Greek strawberry grower says Russian embargo "only on paper"
One insider in the Greek soft fruit sector believes many European suppliers have been forced to use the Belarus trade route because of 'the politically motivated ban', and believes even the Russian authorities are at times aware of what is going on.
"It's not a secret what is happening, but people do not like to talk about it. It's not just happening in Greece - it's happening in Italy, the Netherlands, Belgian and I suspect many other countries as well," he told www.freshfruitportal.com.
"The embargo is only on paper. The reality is that a lot of produce is going to Russia through the back door and of course the authorities know this; we all see it.
"There are complicated ways of getting around the embargo which involve sending produce through the Belarus channel for instance but this comes with higher costs which have to be taken into consideration."
According to reports in Russian national press recently, the Greek government has requested Russia lift sanctions on some supplies. However, under World Trade Organization rules this would not be possible as the import ban relates to the European Union and not individual countries.
"From time to time Russian authorities make an announcement that they have caught some illegal product coming into the country but my information is that if you go into a Russian supermarket right now you will see produce from all over Europe. So people must be asking themselves 'how is this stuff getting in?'.
"For example, they have mozzarella that says it comes from Russia but some comes from Italy or elsewhere while they say all of the strawberries in Russia are from Israel or Egypt but they are also coming in from the likes of Greece or Italy.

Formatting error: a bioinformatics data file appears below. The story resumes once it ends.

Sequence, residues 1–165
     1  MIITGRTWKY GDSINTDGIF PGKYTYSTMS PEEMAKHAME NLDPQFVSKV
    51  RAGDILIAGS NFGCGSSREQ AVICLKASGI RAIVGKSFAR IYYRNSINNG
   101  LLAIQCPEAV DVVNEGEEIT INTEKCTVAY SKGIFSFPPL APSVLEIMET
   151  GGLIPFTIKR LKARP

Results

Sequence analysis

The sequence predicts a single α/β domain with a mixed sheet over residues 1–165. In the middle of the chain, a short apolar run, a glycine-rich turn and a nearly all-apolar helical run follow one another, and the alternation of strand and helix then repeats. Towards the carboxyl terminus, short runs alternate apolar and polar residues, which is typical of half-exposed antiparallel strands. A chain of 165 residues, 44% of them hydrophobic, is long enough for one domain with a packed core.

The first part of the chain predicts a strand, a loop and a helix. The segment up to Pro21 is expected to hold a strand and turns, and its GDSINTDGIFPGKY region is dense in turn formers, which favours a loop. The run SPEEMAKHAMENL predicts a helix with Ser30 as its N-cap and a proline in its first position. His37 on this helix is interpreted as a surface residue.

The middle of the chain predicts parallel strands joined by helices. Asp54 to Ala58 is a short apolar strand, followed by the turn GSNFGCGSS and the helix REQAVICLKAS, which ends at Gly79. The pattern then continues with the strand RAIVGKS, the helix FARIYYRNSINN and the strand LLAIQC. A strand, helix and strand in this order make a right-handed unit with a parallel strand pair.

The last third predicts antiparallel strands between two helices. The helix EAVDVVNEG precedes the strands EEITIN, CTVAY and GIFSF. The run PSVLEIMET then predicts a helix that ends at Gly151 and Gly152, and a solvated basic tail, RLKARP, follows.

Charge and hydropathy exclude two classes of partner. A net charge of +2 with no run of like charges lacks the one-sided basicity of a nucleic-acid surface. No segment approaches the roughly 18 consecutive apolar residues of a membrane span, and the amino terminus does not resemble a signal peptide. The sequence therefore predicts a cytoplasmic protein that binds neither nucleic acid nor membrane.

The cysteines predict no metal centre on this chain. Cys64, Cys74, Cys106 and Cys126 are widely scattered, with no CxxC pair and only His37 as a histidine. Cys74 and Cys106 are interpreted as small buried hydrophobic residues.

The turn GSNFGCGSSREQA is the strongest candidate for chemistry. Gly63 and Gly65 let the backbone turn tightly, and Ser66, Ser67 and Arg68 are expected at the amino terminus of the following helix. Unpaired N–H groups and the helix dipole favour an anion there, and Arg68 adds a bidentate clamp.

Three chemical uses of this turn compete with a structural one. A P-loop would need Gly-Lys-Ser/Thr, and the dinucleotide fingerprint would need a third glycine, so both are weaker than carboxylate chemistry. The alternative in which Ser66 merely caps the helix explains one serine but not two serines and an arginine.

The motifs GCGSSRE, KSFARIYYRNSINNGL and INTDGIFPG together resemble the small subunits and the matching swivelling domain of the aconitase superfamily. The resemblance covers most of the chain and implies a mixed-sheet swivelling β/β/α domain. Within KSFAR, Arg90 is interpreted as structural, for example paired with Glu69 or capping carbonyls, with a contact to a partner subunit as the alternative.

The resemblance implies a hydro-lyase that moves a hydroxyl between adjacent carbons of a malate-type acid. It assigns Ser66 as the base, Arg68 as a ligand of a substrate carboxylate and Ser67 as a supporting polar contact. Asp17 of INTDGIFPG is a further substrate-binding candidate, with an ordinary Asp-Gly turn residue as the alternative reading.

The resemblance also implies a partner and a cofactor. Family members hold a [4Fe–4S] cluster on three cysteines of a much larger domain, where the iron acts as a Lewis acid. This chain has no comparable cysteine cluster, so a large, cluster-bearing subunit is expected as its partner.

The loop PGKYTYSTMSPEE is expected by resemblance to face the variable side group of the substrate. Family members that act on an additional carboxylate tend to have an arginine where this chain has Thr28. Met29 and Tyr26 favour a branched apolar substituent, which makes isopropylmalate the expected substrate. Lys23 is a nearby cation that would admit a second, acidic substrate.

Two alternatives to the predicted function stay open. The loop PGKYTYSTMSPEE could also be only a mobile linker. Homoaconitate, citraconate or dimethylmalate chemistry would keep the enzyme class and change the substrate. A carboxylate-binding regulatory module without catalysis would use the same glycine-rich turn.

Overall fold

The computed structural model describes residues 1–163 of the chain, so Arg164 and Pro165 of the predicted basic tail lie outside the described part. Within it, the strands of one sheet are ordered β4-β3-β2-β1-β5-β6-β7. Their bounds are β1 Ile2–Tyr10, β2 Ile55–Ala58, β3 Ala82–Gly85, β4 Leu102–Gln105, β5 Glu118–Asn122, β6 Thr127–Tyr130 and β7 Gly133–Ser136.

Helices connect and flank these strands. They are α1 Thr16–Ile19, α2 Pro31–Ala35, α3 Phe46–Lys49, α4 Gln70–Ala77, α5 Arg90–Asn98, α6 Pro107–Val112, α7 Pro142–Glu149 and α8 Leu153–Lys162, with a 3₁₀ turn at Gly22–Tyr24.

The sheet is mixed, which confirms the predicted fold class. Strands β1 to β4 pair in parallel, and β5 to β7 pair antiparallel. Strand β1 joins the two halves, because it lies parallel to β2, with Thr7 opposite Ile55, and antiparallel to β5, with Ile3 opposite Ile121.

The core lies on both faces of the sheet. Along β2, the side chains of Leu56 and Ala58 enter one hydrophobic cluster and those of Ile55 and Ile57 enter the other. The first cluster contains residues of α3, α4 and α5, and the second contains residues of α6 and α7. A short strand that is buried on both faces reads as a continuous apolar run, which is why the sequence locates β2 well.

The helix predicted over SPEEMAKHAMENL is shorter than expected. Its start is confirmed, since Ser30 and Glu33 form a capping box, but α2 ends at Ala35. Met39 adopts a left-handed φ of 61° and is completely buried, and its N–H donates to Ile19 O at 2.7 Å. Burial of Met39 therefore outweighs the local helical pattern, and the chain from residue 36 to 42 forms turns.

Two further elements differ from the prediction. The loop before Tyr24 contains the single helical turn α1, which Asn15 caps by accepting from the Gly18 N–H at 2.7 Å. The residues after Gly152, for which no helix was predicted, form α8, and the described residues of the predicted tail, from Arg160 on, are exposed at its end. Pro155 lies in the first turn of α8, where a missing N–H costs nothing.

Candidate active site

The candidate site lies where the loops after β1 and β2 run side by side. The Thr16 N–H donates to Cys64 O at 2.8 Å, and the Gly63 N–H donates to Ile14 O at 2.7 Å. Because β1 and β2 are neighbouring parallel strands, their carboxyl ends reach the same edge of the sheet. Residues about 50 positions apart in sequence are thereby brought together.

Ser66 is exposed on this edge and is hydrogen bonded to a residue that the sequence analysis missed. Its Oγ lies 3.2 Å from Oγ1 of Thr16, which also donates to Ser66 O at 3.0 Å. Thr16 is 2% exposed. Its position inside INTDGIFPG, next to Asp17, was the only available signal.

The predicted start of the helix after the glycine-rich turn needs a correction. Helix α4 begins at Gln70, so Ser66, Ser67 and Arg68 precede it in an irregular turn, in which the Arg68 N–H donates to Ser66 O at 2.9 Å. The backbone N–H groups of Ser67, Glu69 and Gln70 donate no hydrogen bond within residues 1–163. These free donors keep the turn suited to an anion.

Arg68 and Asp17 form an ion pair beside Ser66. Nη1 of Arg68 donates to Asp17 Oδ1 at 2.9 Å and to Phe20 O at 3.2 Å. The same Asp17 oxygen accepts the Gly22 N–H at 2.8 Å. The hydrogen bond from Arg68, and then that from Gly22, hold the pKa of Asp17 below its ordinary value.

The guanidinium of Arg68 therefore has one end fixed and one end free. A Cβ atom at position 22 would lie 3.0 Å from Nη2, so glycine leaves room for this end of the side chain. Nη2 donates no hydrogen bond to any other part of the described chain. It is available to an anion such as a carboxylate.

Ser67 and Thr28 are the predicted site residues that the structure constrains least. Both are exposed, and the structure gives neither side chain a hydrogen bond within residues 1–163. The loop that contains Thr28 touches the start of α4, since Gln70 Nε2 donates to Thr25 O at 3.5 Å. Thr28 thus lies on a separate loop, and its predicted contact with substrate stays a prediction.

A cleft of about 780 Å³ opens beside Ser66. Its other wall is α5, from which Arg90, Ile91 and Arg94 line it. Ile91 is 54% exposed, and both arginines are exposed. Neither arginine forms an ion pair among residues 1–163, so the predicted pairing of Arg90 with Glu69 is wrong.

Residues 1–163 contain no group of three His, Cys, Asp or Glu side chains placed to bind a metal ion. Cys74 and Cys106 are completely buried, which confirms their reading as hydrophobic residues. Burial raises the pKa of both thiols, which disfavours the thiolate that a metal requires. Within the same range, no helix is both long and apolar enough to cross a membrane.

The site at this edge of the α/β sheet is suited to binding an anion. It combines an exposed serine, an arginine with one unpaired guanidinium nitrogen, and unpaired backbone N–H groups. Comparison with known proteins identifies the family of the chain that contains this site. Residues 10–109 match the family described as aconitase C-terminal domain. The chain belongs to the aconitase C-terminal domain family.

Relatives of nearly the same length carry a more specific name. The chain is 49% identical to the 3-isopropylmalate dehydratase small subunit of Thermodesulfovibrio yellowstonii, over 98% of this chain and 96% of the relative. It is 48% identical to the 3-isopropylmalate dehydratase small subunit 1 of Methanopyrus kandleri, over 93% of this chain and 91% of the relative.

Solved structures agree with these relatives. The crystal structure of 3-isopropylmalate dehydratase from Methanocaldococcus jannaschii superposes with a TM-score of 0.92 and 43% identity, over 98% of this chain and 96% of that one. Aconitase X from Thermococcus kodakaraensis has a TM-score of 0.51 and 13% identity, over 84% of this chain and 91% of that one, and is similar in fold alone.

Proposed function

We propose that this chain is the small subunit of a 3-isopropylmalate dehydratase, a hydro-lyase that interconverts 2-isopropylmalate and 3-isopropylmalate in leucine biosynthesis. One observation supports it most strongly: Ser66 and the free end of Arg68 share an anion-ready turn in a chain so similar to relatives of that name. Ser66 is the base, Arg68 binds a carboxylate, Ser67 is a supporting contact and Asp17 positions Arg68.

"It is a very unpleasant situation for all of us involved but this is how politicians operate and we have to live with it - the actual reality is much different from the political reality. Nobody knows how long this will go on for. Greece is trying to get an agreement with Russia to stop the embargo just for Greek products but everyone knows this is impossible."
Lower volumes for Greek strawberry campaign
Meanwhile, some Greek strawberry suppliers are experiencing lower volumes this season compared with last year due to a prolonged winter, low temperatures and high rainfall.
For Greek fruit exporter Portofruit this means smaller volumes over the coming weeks, according to spokesman Panagiotis Portovaras.
"The weather has not been very good here in Greece recently but we are hoping that over the next two weeks the temperatures will improve and the process of growing strawberries will go faster and yields will get slightly better," he says.
"We work with a number of commercial strawberry growers but volumes are expected to be much lower this season.
"For the moment I am working in the Romanian market. We are shipping five or six containers of our citrus to Romania and we currently talking with clients about the possibility of them receiving strawberry shipments, although nothing is confirmed yet but we are hopeful Romania will be a good market for our strawberries."